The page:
Origins of the Baron
Unlike Quixote, Baron Munchausen is a real person. He was a German aristocrat who lived from 1720-1797. His main contribution to posterity was his love of telling tall tales, especially at dinner parties with his friends. The legend he built himself up to be was snatched by the literary presses in the 1780s. The first English version was published by Rudolph Raspe  in 1785. Not to be outdone, the tales were translated back into German the following year. 

The Baron has appeared in more than 100 different volumes to date. His exploits have been heard on the radio and seen on the stage. He has been a cartoon and part of a feature film. So it seems that he did achieve great things, just perhaps not what he intended to be known for, but has been an enchanting diversion to audiences for more than two centuries.

Tuesday, November 4, 2014

I've always been a fan of Top Ten Tuesday, which comes to us from The Broke and The Bookish.

This week's topic is which books I'd like to re-read if we were in an ideal world where I actually had time for such things. Here are mine, but let me know yours as well!

1. The Entire Harry Potter Series. These books truly enchanted me and I love the immersive feeling of being a part of the wizarding world. Since I don't re-read because there are far too many books in the world, I have to content myself with re-watching the movies now and again. At least I have that.

2. Snow White and Rose Red by Patricia Wrede. This is an adult retelling of the classic fairytale and one of my absolute favorite books. It has been so long since I've read it and I long to return to the coziness of its beautifully woven story.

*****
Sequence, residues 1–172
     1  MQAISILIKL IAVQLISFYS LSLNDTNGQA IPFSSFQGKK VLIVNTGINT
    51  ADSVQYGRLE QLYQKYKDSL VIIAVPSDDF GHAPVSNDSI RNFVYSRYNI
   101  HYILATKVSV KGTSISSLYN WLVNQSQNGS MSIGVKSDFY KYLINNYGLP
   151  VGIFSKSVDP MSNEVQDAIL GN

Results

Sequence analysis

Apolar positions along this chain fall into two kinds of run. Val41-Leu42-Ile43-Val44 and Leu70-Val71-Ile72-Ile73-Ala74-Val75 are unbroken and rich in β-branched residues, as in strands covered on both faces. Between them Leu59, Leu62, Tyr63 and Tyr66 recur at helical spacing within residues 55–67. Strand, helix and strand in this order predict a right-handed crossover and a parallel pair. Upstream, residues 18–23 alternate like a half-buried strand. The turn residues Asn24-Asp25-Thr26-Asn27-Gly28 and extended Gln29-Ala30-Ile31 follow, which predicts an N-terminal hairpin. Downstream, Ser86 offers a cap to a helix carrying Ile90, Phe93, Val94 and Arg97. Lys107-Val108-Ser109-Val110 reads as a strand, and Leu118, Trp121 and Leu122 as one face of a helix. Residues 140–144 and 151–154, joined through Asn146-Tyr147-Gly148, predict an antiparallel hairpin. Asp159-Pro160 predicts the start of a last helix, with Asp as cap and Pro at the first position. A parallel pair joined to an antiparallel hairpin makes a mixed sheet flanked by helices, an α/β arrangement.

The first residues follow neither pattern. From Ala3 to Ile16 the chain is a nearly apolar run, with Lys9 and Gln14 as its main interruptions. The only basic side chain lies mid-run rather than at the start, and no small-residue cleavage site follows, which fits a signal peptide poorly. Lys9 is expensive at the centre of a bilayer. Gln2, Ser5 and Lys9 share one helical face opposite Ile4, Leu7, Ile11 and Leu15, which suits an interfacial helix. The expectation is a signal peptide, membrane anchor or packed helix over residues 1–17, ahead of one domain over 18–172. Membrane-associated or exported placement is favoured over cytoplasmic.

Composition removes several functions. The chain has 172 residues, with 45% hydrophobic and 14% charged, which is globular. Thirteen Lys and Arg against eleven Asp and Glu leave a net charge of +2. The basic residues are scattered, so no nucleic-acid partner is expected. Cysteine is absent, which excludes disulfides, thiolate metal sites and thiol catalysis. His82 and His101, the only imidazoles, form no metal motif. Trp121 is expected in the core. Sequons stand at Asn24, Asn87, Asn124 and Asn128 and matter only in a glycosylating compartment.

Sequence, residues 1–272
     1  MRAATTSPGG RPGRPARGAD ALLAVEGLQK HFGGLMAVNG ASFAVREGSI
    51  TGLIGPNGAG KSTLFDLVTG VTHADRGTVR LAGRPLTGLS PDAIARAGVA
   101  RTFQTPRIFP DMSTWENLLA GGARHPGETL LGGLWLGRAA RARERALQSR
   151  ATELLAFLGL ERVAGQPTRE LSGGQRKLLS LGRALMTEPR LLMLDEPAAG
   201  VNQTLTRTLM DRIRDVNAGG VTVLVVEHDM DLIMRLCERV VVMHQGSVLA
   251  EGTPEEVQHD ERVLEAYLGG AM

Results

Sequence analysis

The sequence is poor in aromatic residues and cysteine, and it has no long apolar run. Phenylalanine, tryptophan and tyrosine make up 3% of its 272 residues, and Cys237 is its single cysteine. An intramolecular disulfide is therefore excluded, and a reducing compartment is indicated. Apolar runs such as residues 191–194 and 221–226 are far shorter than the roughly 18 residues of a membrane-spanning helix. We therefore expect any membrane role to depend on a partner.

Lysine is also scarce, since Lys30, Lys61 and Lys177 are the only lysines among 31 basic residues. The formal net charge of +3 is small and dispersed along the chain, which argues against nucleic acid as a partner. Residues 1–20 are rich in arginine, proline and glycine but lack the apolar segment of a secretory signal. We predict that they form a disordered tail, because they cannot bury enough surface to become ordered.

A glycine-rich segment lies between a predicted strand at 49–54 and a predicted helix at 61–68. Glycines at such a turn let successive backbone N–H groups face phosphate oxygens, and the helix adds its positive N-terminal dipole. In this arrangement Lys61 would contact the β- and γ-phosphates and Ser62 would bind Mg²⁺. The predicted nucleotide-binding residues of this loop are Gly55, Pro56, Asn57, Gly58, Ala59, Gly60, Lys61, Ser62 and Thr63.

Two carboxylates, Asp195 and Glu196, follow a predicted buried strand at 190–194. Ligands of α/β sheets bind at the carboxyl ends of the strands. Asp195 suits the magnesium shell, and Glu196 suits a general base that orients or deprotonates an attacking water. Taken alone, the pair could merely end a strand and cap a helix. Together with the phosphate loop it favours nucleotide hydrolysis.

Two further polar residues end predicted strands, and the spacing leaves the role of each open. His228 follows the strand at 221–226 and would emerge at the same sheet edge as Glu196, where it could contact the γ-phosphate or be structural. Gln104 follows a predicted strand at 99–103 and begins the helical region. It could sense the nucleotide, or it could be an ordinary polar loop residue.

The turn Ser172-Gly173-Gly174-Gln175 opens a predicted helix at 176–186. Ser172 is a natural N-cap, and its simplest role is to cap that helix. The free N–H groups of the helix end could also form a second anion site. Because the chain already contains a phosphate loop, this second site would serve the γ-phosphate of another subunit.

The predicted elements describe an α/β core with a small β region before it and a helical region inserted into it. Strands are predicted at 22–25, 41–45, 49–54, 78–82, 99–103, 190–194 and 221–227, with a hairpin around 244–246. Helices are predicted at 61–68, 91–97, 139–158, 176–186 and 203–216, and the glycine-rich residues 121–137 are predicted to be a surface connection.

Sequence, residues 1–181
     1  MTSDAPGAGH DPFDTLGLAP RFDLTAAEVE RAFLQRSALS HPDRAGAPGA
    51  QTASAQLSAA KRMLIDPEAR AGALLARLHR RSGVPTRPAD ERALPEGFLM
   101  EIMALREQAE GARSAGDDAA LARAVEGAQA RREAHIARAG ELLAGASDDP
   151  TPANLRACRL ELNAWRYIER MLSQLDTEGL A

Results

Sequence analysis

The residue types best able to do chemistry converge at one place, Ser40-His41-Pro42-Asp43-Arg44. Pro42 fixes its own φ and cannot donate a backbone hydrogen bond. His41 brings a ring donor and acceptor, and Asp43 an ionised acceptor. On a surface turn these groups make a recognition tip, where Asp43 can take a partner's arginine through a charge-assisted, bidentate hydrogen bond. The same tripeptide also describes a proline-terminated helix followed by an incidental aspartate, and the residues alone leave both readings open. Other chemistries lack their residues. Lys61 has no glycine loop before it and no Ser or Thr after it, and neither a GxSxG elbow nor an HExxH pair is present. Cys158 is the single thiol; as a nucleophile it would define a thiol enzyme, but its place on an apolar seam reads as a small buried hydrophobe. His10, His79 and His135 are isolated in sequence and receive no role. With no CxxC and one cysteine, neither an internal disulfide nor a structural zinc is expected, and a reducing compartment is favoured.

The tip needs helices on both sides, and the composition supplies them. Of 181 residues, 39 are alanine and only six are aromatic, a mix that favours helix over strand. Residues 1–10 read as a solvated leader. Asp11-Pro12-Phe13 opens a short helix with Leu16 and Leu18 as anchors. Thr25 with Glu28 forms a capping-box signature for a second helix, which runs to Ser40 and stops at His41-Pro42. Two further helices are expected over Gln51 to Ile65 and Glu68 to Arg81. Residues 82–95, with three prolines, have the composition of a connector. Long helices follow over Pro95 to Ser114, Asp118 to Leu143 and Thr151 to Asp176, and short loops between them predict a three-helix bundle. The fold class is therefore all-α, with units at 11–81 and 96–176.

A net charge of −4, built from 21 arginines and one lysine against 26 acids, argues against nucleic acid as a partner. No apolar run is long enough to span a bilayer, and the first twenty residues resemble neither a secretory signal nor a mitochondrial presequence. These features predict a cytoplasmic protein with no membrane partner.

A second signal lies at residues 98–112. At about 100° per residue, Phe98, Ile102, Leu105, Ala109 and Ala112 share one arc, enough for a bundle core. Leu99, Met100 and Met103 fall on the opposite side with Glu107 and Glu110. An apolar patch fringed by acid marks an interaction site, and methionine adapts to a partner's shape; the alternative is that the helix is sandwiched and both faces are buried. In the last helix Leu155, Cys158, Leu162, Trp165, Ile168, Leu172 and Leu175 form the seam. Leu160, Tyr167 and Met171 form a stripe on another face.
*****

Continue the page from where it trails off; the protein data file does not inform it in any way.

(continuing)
3. Jane Eyre by Charlotte Bronte. Another one of my favs. I've watched movies but none can get it just right for me. The only thing I can do is return.

4. Pride and Prejudice by Jane Austen. There are some pretty good movie versions of this one (ahem Colin Firth, soaking wet) but the book will always hold a special place in my heart.

5. The Witching Hour by Anne Rice. This one puts together an intricate and dark genealogy of the Mayfair witches, stretching back generations. I love how much love was put into each and every story.

6. The Thirteenth Tale by Diane Setterfield. Fabulous and dark, with so many twists I'm pretty sure I missed something in my first reading.

7. If on a Winter's Night a Traveler by Italo Calvino. I'd love to forget I've read this one and read it again from scratch. I had such a great time with this book! Note: If you haven't read it yet, go do it. Now.

8. Kafka on the Shore by Haruki Murakami. Murakami is so beautifully layered that I am sure that if I reread this book it would be like reading it for the first time all over again. There are so many details that may only surface the second time around.

9. Jewels of the Sun by Nora Roberts. My first Roberts read and one that I truly loved. I would hope to recapture the magic it gave me the first time. I've read other Roberts books since this one, but none have quite reached this level for me.

10. The Eyre Affair by Jasper Fforde. These books are true pleasures. They are so smart and witty and just fun. I'd love to go back to the beginning.